The police service in England and Wales is facing major challenges in its financing, political oversight and reorganisation of its structures. Current economic conditions have created a wholly new environment whereby cost saving is permitting hitherto unthinkable changes in the style and means of delivery of policing services. In the context of these proposed changes Lord Stevens, formerly Commissioner of the Metropolitan Police Service was asked to chair an Independent Commission looking into the future of policing. The Commission has a wide ranging remit and the papers in this book offer up-to-date analysis of contemporary problems from the novel perspective of developing a reform agenda to assist the Commission.

Bringing together contributions from both key academic thinkers and police professionals, this book discusses new policing paradigms, lays out a case for an evidence-based practice approach and draws attention to developing areas such as terrorism, public order and hate crime.

Policing is too important to be left to politicians, as the health of a democracy may be judged by the relationship between the police and the public. The aim of this book is to question and present analyses of problems offer new ideas and propose realistically achievable solutions without being so timid as to preserve the status quo. It will be of interest to both academics and students in the fields of criminology and policing studies, as well as professionals in the policing service, NGOs and local authority organisations.

chapter |7 pages

Introduction to Parts I and II

Challenges of contemporary policing

part |91 pages


chapter |17 pages


Privatizing and changes in the policing web1

chapter |12 pages

Why Do the Police Matter?

Beyond the myth of crime-fighting

chapter |12 pages

What are the Police For?

Re-thinking policing post-austerity

chapter |15 pages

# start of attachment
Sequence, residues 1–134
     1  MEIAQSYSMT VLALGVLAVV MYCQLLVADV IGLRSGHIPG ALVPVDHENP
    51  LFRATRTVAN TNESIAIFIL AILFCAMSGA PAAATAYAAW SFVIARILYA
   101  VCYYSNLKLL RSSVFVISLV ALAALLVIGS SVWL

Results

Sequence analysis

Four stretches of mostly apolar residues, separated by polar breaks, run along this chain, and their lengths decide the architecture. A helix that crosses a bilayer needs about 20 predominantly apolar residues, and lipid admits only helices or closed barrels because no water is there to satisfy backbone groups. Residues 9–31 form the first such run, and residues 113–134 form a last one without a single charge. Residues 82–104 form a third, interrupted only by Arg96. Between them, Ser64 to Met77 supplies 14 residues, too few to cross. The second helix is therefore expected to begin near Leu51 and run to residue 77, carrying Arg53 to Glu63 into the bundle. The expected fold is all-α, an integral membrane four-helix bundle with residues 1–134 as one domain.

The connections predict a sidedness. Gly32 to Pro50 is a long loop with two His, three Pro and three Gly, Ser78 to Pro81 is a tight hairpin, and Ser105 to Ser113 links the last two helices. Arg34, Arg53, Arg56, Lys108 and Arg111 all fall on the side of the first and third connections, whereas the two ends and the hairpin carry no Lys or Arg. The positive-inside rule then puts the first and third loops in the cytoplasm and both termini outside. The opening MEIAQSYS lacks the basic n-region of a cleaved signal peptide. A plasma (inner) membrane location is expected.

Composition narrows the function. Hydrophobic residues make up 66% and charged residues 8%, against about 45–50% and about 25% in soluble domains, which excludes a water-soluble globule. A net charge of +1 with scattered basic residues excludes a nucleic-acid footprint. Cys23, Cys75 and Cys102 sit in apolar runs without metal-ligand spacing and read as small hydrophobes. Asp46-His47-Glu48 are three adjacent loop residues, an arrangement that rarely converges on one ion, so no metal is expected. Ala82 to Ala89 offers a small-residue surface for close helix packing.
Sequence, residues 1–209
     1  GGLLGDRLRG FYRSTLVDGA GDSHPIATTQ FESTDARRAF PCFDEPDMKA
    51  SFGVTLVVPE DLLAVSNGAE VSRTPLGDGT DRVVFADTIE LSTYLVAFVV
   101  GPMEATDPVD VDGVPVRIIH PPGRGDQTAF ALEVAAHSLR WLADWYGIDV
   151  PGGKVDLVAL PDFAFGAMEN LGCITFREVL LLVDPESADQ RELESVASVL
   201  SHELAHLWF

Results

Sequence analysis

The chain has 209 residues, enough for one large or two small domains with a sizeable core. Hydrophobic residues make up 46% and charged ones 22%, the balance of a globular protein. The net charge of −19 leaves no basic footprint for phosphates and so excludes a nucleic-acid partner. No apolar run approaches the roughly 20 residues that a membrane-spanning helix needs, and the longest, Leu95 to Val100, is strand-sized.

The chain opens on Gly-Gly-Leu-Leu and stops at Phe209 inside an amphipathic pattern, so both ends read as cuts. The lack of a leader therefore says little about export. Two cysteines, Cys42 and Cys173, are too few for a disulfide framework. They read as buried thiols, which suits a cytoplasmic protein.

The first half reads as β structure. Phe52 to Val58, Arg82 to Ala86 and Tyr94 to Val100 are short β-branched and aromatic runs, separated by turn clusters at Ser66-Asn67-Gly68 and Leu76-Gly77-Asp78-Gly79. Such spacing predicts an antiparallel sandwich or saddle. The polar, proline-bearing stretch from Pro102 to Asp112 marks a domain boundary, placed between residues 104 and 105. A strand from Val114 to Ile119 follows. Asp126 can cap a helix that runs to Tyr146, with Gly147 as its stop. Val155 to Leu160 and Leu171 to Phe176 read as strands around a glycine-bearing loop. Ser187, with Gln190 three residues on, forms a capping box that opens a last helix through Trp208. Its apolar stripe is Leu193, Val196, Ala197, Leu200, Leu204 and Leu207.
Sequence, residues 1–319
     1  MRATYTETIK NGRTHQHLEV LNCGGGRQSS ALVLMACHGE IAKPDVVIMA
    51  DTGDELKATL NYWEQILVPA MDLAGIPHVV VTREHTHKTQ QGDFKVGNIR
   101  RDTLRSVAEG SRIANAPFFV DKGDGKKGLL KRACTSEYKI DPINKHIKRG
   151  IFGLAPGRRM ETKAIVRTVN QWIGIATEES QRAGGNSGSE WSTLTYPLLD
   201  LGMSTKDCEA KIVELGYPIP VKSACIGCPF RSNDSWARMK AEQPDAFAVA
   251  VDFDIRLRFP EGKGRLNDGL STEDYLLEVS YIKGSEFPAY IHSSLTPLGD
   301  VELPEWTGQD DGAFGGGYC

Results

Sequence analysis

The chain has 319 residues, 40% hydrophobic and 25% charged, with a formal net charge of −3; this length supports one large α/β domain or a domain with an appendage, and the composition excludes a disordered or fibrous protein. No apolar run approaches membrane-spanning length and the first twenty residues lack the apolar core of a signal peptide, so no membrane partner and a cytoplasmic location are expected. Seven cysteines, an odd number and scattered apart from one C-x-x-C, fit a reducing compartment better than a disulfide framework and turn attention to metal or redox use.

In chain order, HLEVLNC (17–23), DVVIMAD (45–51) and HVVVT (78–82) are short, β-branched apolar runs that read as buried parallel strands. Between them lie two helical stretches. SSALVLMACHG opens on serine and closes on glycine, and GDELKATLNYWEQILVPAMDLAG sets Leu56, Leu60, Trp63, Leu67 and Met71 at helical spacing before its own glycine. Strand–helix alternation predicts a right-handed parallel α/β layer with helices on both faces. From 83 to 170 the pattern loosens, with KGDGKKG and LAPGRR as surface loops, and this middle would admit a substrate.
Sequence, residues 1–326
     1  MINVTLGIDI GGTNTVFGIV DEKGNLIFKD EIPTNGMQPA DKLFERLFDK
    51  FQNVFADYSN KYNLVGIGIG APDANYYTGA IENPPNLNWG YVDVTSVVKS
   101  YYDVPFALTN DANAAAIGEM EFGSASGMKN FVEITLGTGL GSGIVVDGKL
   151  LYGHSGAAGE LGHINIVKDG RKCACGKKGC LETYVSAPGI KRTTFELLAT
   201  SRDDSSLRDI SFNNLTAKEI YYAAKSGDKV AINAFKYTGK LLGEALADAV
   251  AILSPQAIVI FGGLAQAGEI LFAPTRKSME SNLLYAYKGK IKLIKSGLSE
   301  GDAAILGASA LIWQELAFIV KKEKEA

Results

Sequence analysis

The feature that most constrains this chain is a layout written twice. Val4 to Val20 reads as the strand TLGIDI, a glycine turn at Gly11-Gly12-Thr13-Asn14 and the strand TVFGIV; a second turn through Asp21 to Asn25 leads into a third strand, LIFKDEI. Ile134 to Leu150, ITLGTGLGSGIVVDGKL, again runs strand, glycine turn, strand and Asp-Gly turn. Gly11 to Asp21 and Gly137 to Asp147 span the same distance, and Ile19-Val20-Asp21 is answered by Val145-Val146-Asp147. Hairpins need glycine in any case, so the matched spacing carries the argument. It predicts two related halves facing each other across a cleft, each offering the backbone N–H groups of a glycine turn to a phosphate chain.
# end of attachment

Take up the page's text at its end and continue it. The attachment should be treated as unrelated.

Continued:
Reinventing the Office of Constable

Progressive policing in an age of austerity

chapter |21 pages

Police Futures and Legitimacy

Redefining ‘good policing'

part |69 pages


chapter |14 pages

Race And Policing

chapter |15 pages

Women Police

Potential and possibilities for police reform

chapter |13 pages

A Diversity Stone Left Unturned?

Exploring the occupational complexities surrounding lesbian, gay and bisexual police officers

chapter |7 pages

Introduction to Parts III and IV

The practice of policing

part |66 pages


chapter |14 pages

Playing Nicely with others

Lessons from successes in partnership working

chapter |20 pages

Beyond Rhetoric

Establishing police—academic partnerships that work

part |104 pages


chapter |13 pages

From Sir Robert Peel to PLTs

Adapting to liaison-based public order policing in England and Wales

chapter |17 pages

Landscaping the Policing of Organised Crime

Some designs and reflections

chapter |18 pages

Holding the Line

The sustainability of police involvement in crime prevention

chapter |16 pages

Hate Crime

chapter |8 pages

Introduction to Parts V and VI

Supporting policing

part |73 pages


chapter |14 pages

The Pursuit of Professionalism

Lessons from Australasia

chapter |15 pages

Police Training and Education

Past, present and future

chapter |16 pages

Leading by Example

The untapped resource of front-line police supervisors

part |92 pages


chapter |12 pages

Engaging the Citizen

chapter |17 pages

Making Police Accountable

Governance and legitimacy

chapter |13 pages

Ethics and Policing

chapter |17 pages

Great Expectations and Complex Realities

The impact and implications of the police reform process in Northern Ireland

chapter |14 pages

A Different and Divergent Trajectory?

Reforming the structure, governance and narrative of policing in Scotland1